While many Kiwis are still making the most of summer with an extended Christmas break, January can be a quieter-than-usual time for small businesses. Rather than a negative, having that little bit of extra space in your schedule can be the perfect chance to take stock and get clear on plans and goals for the year ahead.

Whether you’re just getting into the swing of things after a hard-earned break, or it’s back to business as usual after the Christmas rush – there’s no better time than now to set your business resolutions and kickstart positive habits for 2020.

Here are three things to consider if you’re wanting to get your business off to the best possible start this year.

1) Prioritise your wellbeing and work-life balance

Research commissioned by Prospa last year shows that, even at the best of times, Kiwi SME owners have a habit of making sacrifices in other areas of life so they can focus on their business.

All in all, nearly half of the small business owners surveyed reported working at least six days a week – with 20% regularly working a full seven days. And they’re frequently giving up personal time (58% of respondents), and spending time with friends (47%) and family (38%) in order to make that possible.

Being a small business owner often also means having to juggle a number of new and different roles and responsibilities – but learning new skills isn’t always easy. Nearly nine in 10 respondents reported experiencing some sort of negative emotion when struggling with an aspect of business management, ranging from frustration to stress and burn-out.

If this sounds a little too familiar, 2020 is the year to prioritise your wellbeing and connect with those around you. Building “down time” into your diary will help to make it happen – so schedule something in on a regular basis, whether it’s a workout, dinner with friends, or playtime with the kids. You’ll thank yourself later.

2) Get your finances in order – starting with unpaid invoices

One of the most important things you can do is to use this time to get on top of any cashflow concerns that might still be lingering from 2019.

Start off by chasing up on any unpaid invoices that have piled up over the holiday break – clearly communicating with customers that their payments are overdue.

With so many people taking extended leave in January, make sure that you’re following up with the right person. It could be that your regular contact is still away, and the business isn’t even aware that there’s a problem.

It can help to be armed and ready with a plan for customers who are unable to meet their payment obligations up-front. Consider offering a payment plan for those that are experiencing genuine financial distress, during what can be a quiet time of year for some.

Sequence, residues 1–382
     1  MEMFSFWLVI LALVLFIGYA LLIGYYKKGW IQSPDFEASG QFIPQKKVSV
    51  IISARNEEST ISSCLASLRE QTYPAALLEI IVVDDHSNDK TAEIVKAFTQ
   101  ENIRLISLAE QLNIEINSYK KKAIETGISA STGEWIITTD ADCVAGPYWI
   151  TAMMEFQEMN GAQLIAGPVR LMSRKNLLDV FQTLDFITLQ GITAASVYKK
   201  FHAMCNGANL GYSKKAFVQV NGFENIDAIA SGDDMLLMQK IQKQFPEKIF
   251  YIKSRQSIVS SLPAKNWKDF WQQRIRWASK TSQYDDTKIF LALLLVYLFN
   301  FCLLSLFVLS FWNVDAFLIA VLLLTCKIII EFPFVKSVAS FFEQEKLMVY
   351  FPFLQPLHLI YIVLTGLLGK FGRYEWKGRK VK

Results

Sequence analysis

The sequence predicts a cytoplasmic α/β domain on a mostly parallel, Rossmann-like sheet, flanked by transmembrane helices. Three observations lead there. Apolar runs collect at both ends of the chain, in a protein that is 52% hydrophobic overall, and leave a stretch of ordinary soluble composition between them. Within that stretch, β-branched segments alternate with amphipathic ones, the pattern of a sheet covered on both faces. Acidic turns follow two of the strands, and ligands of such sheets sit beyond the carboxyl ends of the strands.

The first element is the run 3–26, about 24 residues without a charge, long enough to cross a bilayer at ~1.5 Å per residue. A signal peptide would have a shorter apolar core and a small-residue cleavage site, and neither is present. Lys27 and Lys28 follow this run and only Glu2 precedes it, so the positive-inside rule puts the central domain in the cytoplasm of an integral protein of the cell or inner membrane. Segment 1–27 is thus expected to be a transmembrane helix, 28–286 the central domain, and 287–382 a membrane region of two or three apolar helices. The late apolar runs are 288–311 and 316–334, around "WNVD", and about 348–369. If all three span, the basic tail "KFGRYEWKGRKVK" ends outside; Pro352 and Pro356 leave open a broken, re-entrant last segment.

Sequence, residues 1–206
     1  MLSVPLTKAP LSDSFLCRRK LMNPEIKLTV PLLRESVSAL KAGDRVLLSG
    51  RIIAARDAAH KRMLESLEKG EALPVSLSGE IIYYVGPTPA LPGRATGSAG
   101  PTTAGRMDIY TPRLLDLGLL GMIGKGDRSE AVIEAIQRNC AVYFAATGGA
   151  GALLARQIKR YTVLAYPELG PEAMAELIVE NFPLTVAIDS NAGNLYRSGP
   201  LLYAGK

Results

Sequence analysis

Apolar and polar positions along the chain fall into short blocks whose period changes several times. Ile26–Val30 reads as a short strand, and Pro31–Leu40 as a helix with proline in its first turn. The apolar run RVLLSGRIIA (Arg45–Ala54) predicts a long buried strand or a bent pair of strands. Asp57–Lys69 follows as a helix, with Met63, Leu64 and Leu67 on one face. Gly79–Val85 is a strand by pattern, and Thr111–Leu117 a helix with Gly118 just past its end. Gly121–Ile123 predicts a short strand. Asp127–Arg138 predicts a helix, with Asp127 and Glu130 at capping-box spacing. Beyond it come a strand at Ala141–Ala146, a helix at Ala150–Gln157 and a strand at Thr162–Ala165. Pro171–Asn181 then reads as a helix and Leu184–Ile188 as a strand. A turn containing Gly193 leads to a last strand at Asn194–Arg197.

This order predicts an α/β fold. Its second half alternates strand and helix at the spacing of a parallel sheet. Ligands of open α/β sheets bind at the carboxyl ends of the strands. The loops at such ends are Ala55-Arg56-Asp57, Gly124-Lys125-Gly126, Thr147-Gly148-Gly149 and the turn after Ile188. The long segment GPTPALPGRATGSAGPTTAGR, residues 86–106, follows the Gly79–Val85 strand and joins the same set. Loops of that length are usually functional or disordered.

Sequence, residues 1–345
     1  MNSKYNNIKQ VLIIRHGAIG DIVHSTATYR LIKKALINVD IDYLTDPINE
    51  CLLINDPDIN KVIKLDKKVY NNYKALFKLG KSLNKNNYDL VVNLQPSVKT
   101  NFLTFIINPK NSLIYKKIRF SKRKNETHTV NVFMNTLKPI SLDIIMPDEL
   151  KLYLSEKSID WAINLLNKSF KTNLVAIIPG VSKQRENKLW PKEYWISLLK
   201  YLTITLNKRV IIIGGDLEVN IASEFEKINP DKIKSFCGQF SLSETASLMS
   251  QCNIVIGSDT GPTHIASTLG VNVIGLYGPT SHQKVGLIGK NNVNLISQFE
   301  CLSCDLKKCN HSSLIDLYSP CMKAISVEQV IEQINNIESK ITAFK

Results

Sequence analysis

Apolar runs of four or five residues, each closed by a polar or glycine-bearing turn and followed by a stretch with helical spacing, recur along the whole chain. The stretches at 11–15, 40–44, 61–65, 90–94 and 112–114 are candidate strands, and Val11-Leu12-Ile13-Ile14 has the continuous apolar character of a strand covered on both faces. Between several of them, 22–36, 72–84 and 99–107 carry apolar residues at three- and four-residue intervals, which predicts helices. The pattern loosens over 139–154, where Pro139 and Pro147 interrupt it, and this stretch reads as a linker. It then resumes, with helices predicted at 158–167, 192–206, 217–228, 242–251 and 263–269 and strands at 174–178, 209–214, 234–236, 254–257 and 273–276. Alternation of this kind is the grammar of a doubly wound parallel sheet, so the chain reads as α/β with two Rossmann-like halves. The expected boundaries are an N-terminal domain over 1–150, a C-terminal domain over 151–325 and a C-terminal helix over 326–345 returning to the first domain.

Looking ahead, this is also the perfect time to be projecting your cashflow requirements for the coming months, so you can get prepared.

Maybe you need to purchase new equipment, hire staff, or buy materials for an upcoming job – but are unsure how to fund that opportunity. Perhaps a short-term cashflow bridge would help ease the stress and impact of late customer payments. Whatever the reason, getting a plan in place as soon as possible will mean you can access the funds you need when you need them.

There are a growing number of alternative lending options available to small businesses in New Zealand. These platforms offer simple application processes, fast loan decisions, flexible repayments, and no asset security required upfront for up to $100k – which can save you a lot of stress and distractions in the long run.

3) Embrace digital marketing

Prospa research shows that digital marketing is often a key area SME owners believe, if improved, would have the biggest positive impact on the success of their business.

But for many small business owners, getting their digital marketing strategy right (or even knowing where to start) can be a huge challenge.

If you’ve been grappling with getting your digital strategy underway – now is the time to get a plan and tools in place to set you up for the year ahead. Some tips to consider:

If you’re not sure where to start, there are a number of free online courses and resources which can be a great guide.

  • Don’t take on more than you can handle. They’re not the newest tools out there, but email and social media are still highly effective channels for reaching customers. If you can do those, and do them well, that’s a great start.
  • There are a number of clever tools and platforms (like Hootsuite or Later.com) that are designed to take some of the pain out of managing social media. Spend some time researching your options, to see if any are right for you.
  • Set some measurable (and achievable) goals, so you can see how you’re tracking.

Last, but certainly not least – schedule in some time each month to check in and assess your progress against each of your resolutions. This will help you stick to them when life and work start to get busy! Bring on 2020.

Adrienne Church is General Manager at Prospa New Zealand

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